Though Rachel and Sara met in a crowded space, what they each remember is looking past their fellow seminary students at the Pacific School of Religion and setting eyes on each other.

Sara, a priest at the Episcopal Church, and Rachel, a minister at the United Church of Christ, didn’t start dating right away. Though they struck up a friendship, it wasn’t until they both had similar emotional realizations that they knew there was something more there. Sara recalls that the hours spent in long conversation with Rachel made her realize “I wanted to be around her for a long time.” And for Rachel, the feeling was similar when she realized Sara was the person she went to when she was stressed and needed to feel at home.

Though their first date was unusual—a walk in a hillside cemetery—the proposal was even more unique. Sara asked Rachel if she wanted to go for a walk in the same cemetery and told herself that if Rachel said yes, she’d propose. Rachel did say yes to the walk, but when they got to the location where Sara planned to pop the question, she noticed their fellow companions in the cemetery were mostly high school students taking advantage of the Bay Area’s laid-back marijuana laws. Sara didn’t want to make a scene in front of them, so she simply showed the ring to Rachel and asked “Would you like to wear this?” Rachel had a surprising response: “Do you want to ask something else?” Sara did ask something else, and Rachel said yes for a second time that day, as the stoned high-schoolers came over with congratulations and offers to take their photo.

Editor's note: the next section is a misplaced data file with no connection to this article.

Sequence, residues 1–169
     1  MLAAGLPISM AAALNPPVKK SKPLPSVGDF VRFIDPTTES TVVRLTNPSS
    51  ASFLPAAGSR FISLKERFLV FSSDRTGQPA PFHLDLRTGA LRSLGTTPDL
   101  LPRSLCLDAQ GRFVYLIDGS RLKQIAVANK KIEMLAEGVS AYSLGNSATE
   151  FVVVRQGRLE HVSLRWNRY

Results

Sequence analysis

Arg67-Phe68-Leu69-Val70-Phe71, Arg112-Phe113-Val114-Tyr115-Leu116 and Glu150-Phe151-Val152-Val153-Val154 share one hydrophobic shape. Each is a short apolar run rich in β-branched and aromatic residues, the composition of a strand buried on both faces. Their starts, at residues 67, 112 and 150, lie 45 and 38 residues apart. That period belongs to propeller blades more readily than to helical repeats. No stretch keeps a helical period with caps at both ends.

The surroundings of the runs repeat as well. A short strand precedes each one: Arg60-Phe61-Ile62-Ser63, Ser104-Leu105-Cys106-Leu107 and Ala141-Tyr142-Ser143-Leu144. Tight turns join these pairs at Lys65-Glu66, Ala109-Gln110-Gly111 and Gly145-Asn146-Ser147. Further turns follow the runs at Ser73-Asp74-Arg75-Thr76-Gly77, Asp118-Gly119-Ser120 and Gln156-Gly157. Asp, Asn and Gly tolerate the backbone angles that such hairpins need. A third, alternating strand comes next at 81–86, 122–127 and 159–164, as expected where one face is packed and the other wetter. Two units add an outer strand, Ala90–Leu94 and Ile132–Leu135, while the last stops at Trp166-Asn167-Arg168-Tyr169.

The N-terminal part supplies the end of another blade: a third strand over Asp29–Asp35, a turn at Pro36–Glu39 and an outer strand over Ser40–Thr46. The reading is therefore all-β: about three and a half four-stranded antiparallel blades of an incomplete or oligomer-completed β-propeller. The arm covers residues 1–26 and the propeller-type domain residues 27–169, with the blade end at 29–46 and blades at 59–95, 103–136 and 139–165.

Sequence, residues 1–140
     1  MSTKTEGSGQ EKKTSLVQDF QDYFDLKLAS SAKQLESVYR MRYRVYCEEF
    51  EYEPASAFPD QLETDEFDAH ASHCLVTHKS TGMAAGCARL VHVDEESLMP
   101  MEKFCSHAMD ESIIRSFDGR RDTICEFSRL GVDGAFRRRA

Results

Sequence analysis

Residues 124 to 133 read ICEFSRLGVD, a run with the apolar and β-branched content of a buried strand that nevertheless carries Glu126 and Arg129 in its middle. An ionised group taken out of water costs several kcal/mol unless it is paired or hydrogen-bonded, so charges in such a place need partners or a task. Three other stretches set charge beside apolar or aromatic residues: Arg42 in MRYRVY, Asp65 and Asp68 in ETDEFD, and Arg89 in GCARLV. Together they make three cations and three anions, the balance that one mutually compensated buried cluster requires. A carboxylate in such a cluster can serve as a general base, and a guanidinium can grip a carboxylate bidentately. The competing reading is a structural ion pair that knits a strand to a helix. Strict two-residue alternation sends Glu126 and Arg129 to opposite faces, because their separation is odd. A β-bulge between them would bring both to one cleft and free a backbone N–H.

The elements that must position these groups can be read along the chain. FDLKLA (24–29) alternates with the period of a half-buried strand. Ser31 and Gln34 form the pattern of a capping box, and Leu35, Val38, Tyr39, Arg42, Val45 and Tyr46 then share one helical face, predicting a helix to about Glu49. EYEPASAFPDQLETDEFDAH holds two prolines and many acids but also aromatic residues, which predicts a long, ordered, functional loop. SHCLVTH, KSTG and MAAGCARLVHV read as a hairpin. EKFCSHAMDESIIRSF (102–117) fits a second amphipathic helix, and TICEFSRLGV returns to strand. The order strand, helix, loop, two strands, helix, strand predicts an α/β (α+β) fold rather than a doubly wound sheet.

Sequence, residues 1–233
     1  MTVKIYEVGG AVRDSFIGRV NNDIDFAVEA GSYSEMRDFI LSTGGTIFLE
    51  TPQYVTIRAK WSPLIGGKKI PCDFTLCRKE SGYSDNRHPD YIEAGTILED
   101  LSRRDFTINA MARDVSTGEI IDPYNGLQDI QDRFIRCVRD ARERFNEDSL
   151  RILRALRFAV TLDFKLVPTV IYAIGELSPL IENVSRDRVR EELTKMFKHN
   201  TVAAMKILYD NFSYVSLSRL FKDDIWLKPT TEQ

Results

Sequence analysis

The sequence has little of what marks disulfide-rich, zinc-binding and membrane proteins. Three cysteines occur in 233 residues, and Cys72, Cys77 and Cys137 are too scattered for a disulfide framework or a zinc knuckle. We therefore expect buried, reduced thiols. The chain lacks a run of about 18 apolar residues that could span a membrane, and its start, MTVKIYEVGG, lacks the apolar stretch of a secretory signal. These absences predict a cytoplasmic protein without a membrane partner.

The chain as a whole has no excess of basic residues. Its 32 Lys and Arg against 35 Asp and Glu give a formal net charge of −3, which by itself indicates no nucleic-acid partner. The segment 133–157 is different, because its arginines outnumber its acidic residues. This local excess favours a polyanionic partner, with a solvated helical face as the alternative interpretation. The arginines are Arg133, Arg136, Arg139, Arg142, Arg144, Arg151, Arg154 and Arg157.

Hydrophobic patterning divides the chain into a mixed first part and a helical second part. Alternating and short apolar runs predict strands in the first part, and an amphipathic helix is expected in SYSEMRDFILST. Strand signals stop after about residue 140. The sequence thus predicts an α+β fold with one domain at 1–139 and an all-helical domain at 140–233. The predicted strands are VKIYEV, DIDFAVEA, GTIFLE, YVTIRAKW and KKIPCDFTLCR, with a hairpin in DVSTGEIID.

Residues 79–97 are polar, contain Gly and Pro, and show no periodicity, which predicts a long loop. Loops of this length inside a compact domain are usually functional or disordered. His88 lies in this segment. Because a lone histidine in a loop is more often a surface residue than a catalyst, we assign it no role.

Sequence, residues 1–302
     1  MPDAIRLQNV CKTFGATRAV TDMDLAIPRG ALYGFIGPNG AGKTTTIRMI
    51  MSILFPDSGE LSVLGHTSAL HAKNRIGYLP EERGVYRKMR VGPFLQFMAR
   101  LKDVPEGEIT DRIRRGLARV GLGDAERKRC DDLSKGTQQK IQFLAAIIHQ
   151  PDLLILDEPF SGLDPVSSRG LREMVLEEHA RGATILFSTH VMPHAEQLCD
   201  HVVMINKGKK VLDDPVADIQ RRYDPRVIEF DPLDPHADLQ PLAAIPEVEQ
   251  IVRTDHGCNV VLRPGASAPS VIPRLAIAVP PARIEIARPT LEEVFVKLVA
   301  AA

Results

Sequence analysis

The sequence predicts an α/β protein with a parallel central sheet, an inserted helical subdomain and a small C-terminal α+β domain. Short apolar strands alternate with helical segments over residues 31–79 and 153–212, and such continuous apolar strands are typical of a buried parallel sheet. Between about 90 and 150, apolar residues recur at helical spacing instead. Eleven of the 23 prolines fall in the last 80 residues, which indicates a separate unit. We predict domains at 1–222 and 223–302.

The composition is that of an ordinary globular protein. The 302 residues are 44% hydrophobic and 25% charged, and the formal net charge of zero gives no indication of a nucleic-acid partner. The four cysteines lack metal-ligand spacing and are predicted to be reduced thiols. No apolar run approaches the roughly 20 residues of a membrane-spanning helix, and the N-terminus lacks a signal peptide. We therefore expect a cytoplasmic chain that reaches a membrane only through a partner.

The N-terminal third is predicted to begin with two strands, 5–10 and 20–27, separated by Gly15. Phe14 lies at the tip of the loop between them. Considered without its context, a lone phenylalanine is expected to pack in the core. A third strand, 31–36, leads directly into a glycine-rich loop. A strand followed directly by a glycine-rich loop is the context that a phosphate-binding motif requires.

The wedding was held at a vineyard owned by Rachel’s family. The ceremony was under an oak tree and incorporated elements of their shared Christian faith, guided by a United Church of Christ minister who was also the admissions officer at their seminary. “She literally brought us together,” says Sara. 

As their reception was held in a barn about a quarter mile from the ceremony site, the duo set up a station halfway between the locations with rosé, beer, sparkling wine and a light snack to make sure everyone had enough fuel for the walk. “We decided that our values around this day would be grounded in community and hospitality,” says Sara. “So we wanted our people who travelled from near and far to feel celebrated, appreciated and well fed.”

Rachel and Sara loved every part of the ceremony, despite a “burping” septic tank that left a less-than-enjoyable odor on the dance floor. When the newlyweds were ready to leave, they looked back at the celebration from a distance.  “We could see all our friends and family under the lights, still dancing and engaging in revelry,” Rachel says. “The candles were still flickering on the tables. I was overcome with joy and burst into tears.” But that wasn’t a problem for Sara. “I loved watching Rachel burst into happy tears,” she says. “That was probably my favorite moment!”

—Suzie Dundas